Once a Week (magazine)/Series 1/Volume 7/An accommodating judge

AN ACCOMMODATING JUDGE.

 

 

Throughout the western and south-western portions of the United States the inhabitants possess certain peculiar characteristics, which, in all ages and in almost every country, have marked those living midway between savage and civilised life. This is more particularly the case with the hunters and trappers who follow their calling in the Far West, as it is termed; and whose virtues and whose vices alike are not those of the “dwellers in cities.” In them personal courage and endurance, fidelity to their word, and a certain rude simplicity of character are frequently found in conjunction with a total disregard for those laws by which society, in more settled communities, provides for its own security. Their code of morality is, in fact, their own: and, occasionally, as will be seen by the following narrative, may lead a man, who obeys its dictates, into the perpetration of a great crime, for the purpose of avoiding the commission of what, in comparison, might be termed a venial error.

About eight years ago I had occasion to travel through several of the Southern States, for the purpose of collecting various debts due to a large Boston dry-goods house, of which I was one of the clerks. While in Texas, I stopped one evening at a small town, called Jackson, near the Mexican frontier, and put up, for the night, at the only hotel the place could boast. I had just seated myself at supper, when the door opened, and a tall, strongly-built man entered the room. He was clothed in the usual hunter’s costume, viz., a tight-fitting buckskin hunting-shirt, with leggings and moccasins of the same material. A belt of undressed deerskin, buckled round his waist, supported a heavy Colt’s revolver on one side, while on the other was suspended a leather sheath, containing a bowie-knife of formidable dimensions. He placed the rifle he carried in his hand against the wall, and then proceeded to take off the belts which hung over his brawny shoulders, sustaining his shot-pouch and powder-horn, which were curiously wrought, and evidently the work of some Mexican artist. Having thus relieved himself, the stranger drew a stool up to the fire, and placing his muscular hands on his thighs, seemed to peer with his keen eyes into the crackling fire, which roared up the chimney.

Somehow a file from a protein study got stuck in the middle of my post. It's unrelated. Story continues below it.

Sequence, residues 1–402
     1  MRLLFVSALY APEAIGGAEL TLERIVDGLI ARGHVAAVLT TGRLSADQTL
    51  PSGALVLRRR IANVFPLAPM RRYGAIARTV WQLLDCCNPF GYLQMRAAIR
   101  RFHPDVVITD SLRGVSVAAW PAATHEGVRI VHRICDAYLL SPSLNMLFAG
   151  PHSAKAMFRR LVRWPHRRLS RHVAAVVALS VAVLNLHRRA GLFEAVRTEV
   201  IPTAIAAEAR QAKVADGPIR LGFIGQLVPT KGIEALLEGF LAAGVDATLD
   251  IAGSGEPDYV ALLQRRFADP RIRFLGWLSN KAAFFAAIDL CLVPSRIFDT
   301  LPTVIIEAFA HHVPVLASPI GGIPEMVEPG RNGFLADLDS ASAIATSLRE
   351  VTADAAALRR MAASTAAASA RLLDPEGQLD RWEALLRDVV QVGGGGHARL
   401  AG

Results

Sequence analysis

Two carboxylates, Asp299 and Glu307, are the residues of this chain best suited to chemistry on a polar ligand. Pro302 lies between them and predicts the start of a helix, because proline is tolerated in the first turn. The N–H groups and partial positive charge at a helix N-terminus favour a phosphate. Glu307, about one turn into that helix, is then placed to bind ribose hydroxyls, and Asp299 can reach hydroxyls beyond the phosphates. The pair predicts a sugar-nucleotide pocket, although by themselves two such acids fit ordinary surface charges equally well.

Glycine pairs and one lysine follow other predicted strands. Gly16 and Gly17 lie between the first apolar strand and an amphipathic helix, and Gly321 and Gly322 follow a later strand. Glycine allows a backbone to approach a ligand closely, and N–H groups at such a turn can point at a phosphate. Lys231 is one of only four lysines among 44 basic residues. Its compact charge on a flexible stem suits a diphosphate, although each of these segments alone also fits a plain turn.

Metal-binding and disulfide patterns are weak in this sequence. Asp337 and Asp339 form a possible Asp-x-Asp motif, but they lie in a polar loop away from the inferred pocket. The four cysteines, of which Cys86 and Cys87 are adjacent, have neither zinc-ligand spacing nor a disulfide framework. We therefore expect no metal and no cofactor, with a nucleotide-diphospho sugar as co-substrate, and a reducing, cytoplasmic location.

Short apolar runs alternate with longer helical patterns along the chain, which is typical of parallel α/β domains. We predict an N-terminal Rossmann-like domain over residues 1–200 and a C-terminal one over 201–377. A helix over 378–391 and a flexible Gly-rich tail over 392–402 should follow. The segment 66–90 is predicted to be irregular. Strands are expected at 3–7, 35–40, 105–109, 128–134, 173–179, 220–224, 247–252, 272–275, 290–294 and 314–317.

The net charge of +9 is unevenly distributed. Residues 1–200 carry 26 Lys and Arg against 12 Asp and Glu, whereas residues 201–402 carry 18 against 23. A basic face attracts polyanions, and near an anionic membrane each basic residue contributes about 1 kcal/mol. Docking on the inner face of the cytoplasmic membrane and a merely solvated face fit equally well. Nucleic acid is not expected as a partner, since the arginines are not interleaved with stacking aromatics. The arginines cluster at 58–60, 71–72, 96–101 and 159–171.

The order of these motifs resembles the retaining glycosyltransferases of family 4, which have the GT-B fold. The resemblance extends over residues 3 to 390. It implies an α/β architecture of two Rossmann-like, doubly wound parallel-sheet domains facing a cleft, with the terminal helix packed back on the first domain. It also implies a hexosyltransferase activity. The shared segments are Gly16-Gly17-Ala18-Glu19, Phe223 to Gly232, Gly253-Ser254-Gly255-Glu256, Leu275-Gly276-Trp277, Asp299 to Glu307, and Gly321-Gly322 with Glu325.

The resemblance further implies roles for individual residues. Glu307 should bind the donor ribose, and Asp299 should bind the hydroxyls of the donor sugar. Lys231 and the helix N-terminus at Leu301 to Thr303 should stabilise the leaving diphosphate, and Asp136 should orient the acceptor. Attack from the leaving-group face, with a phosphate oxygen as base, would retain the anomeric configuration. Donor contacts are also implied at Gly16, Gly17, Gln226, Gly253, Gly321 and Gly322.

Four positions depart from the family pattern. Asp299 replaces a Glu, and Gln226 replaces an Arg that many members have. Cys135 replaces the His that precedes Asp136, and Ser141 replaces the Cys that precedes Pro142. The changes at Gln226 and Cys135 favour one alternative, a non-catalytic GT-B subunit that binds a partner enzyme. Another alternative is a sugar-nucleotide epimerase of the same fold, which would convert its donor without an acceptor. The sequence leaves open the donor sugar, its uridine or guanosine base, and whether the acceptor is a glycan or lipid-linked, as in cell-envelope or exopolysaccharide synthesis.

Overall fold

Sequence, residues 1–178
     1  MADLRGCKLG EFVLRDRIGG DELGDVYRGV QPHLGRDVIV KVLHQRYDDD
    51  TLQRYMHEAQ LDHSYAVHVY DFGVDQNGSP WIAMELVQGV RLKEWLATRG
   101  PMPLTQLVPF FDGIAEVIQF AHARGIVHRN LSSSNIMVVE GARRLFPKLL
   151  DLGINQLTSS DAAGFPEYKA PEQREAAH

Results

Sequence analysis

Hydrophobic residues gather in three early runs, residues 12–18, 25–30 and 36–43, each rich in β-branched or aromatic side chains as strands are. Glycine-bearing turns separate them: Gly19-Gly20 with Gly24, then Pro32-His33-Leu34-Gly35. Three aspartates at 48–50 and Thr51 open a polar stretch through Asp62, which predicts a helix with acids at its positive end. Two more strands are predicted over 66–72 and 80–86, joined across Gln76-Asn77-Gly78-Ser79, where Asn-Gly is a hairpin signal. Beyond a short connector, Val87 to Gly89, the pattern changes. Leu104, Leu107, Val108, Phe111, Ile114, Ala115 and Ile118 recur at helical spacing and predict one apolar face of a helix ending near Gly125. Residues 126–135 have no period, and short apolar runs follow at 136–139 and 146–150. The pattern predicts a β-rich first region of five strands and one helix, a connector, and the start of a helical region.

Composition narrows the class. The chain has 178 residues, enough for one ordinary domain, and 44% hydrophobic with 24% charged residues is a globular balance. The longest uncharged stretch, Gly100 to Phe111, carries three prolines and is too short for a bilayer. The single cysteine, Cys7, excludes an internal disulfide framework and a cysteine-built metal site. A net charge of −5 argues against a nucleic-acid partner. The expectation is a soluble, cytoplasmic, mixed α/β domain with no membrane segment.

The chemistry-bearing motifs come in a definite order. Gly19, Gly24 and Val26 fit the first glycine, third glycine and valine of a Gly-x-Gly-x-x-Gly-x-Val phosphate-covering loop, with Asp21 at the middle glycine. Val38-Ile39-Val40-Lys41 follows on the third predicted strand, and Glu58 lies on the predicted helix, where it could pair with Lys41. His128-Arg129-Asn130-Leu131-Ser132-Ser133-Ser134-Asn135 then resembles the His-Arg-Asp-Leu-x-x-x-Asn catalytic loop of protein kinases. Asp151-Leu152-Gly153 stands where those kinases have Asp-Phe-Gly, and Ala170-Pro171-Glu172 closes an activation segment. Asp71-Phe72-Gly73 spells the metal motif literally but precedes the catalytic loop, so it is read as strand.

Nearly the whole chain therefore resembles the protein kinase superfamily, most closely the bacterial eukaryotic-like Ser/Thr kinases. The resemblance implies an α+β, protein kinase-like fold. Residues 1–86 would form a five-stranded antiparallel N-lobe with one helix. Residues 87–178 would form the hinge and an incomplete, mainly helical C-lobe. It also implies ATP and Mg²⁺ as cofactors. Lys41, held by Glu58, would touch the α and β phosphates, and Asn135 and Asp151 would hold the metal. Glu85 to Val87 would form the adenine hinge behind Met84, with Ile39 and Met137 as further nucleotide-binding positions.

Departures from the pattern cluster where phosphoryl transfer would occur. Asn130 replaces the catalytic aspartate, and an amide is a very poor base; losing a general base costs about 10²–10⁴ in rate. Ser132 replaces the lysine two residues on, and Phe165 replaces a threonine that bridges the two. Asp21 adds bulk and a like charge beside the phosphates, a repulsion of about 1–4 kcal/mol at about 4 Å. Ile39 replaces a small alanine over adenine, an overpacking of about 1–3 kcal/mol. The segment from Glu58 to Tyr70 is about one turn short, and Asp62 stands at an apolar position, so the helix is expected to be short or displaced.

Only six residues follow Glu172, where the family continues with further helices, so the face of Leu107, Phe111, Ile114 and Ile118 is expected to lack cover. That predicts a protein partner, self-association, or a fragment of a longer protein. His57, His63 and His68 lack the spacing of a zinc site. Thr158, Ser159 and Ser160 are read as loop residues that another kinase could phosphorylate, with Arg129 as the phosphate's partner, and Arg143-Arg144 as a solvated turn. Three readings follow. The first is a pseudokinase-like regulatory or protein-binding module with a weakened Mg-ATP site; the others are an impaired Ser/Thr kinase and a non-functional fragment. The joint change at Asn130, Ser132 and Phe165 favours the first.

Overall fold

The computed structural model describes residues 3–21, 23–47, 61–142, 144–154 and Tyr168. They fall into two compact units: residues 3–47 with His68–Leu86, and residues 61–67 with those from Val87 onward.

As he had not saluted me when he entered, as is usual in that section of the country, I took no further notice of him; for I presumed his want of success in hunting had put him in an ill humour, and it was not improbable that if he discovered my gaze fixed pertinaciously upon him he might be disposed to fasten a quarrel upon me. I therefore directed my attention exclusively to the meal before me, but the knife and fork almost fell from my hands as his stentorian voice struck upon my ear; and, in spite of myself, a slight tremor stole through me as I heard the awful tone in which he spoke the last word.

“Landlord, give me some liquor—I have money!

The landlord glanced at his guest, and hesitated for a moment, but the stranger raised his eyes; the effect was magical; in an instant a well-filled whisky-bottle and a tin tumbler were placed beside him.

“Landlord, hang that on the rifle; but stop, give me the knife first.”

And he handed the waistbelt, pistol, and scabbard to the host, whilst he thrust the knife in the bosom of his hunting-shirt. As the innkeeper was obeying the bidding of his strange visitor, the latter poured the tumbler full of whisky, and tossed it off at a draught.

“Landlord,” he said again, I want something to eat—I’ve money for that too.”

There was a deep tone in his voice, as he uttered these words, that disturbed me strangely.